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Raiders Take on Chiefs

Steve Marcus

Las Vegas Raiders running back Zamir White (35) warms up before an NFL football game against the Kansas City Chiefs at Allegiant Stadium Sunday, Jan. 1, 2023.

The music started playing, and Zamir White began dancing.

The Raiders’ second-year running back out of Georgia was in line for a running backs drill but also loosening up in between reps at the start of the first padded practice of training camp earlier this week in Henderson. Busting some moves wouldn’t have been anything out of the ordinary for most of the roster, but it wasn’t how White typically conducted himself last season.

He was among the most workmanlike members of the team his rookie year, focused on carving out a spot in the league without drawing any extra attention to himself. This season, the former fourth-round pick is feeling more “comfortable” according to coach Josh McDaniels.     

“He’s a year further ahead,” McDaniels said. “He knows what to expect, understands what’s being asked of him now. I’m excited for him.”

A lot is being asked of him a week and a half into camp. With Josh Jacobs, the NFL’s leading rusher a year ago, still away from the team as part of a contract dispute, White has taken over as the Raiders’ primary running back.

Other backs like veterans Ameer Abdullah and Brandon Bolden, and fellow second-year draftee Brittain Brown, have rotated in with the starters frequently but no one has gotten more carries than White. And no one has done more with their carries than White, whom teammates call by his nickname, “Zeus.”

“I’ve been around a number of guys that when they hit you, there’s going to be a +2 (yards) added to the run,” McDaniels said. “Zamir, that’s how he’s run in college and so far, how we’ve seen him run, mostly in practice.”

White hasn’t yet been made available to the media this season, but his play on the field has spoken volumes. The Raiders have only staged one practice where they’ve gone full contact, but White hasn’t shied from it in any session.

He welcomes contact.

Physicality is such a big part of his game that it’s impressed even those who are more than 100 pounds heavier than the 6-foot, 215-pound running back.

“Zeus is going to run headfirst and run you over; he doesn’t care,” offensive lineman Jermaine Eluemunor said. “It’s cool to play with guys like that because you know if you open up a hole and he gets to the safety, nine times out of 10, he’s going to run him over and score. Josh (Jacobs), there’s no one like him but we’re lucky to have a guy like Zeus.”

White made a similar — though perhaps not quite as outsized — impression in last season’s training camp. He looked so strong in practice and the Hall of Fame game that most assumed he’d wrest a share of the carries away from Jacobs during the regular season.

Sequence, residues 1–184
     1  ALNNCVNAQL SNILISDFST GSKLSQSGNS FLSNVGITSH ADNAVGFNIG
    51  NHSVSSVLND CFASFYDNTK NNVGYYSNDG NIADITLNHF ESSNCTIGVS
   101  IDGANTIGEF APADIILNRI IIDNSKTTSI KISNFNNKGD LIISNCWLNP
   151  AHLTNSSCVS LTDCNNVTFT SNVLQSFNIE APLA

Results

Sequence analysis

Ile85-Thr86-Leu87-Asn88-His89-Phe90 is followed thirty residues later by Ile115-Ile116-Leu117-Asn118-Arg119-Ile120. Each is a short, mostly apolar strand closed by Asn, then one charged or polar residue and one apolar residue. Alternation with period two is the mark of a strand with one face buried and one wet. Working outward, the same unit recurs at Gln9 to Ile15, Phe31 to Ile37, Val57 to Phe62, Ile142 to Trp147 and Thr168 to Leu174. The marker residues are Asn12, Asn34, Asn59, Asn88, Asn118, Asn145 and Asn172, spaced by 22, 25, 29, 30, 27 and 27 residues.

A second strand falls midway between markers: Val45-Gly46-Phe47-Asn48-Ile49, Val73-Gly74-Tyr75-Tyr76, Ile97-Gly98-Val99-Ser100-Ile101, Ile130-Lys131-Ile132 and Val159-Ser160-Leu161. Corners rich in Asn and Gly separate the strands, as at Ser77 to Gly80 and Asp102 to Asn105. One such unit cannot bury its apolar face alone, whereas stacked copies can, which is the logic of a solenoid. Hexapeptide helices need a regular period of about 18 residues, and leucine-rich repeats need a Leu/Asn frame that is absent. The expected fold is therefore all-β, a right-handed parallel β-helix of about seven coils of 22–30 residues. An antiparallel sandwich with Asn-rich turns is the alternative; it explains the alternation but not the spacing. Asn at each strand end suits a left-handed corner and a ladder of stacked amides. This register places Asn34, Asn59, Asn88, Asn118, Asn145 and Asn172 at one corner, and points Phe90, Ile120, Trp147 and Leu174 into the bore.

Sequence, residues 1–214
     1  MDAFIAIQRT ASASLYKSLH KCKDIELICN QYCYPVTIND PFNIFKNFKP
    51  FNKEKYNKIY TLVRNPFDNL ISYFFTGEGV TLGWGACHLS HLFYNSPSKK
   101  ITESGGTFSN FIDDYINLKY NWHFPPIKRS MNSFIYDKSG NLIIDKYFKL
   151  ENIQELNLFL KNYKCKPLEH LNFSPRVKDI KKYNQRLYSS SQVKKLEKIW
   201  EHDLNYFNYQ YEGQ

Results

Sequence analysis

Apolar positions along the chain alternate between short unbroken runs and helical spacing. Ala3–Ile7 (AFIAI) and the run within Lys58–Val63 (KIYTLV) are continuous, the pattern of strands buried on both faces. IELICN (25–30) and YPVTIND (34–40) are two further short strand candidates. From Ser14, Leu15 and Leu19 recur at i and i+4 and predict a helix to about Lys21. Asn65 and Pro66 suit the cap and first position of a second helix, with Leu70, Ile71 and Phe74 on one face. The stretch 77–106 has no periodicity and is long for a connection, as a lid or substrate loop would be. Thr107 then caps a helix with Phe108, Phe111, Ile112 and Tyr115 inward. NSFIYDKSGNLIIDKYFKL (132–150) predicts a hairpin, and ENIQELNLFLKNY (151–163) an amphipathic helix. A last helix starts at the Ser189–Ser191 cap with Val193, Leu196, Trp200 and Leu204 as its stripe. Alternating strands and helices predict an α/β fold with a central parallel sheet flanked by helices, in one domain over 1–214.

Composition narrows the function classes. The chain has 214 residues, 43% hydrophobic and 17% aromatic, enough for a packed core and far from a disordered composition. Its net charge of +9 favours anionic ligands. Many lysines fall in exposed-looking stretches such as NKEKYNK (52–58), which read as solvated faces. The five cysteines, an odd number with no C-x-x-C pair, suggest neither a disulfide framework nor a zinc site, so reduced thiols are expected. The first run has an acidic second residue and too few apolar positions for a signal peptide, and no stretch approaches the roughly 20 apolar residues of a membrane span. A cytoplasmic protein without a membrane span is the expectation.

That didn’t happen with Jacobs putting together the best year of his career. White received only 17 carries for 70 yards but never showed any frustration with having to wait behind Jacobs and mostly only playing special teams.

Jacobs sang White’s praises on a couple different occasions, saying his understudy was capable of a bigger role, and now it’s been apparent what he meant.

“His locker is right next to me,” fullback Jakob Johnson said of White. “I always try to give him a good word every day, but he’s just been coming in super-focused, working hard, asking questions every day. I’m excited to be out there leading the way for him.”

White’s hard-nosed style is a clear fit with running between the tackles and behind a traditional fullback like Johnson, but in training camp, he’s shown he can excel elsewhere too.

He ran a sweep during Wednesday’s practice and beat the defense to the edge. White has also seemingly placed an emphasis on making quick cuts and getting up field, where he’s typically sprinting through the sound of the whistle.   

“That guy finishes, man,” the veteran Abdullah said. “He finishes all the way down the field almost every single time. He’s a guy who’s going to do the little things. He takes the coaching really well. I think he comes from a very humble upbringing, so I think that that’s what’s really molded him to be the adaptable player that he is. So just learning from that and always humbling yourself is what I’ve learned from Zamir.”

Jacobs is likely to return at some point before the start of the regular season. The All-Pro hasn’t yet signed his franchise tender meaning he can miss training camp without penalty, but he’ll sacrifice a $10.1 million salary if he sits out the season.

McDaniels said he “wouldn’t expect” Jacobs to be unseated as the featured back who gets most of the snaps at running back if he does come back considering his spectacular past season. But it’s a luxury to have someone behind Jacobs who’s given every indication that he’s ready to take the next step in his professional career.

“He’s putting in a lot of time and effort into being a complete player, not just a guy that has the ball and can do something with it,” McDaniels said. “He wants to be good at blitz pickup, he wants to improve in the passing game and all those things that are a part of a running back’s progression. He’s really working hard.”

Case Keefer can be reached at 702-948-2790 or [email protected]. Follow Case on Twitter at Keefer can be reached at 702-948-2790 or

Article written by #LasVegasSun


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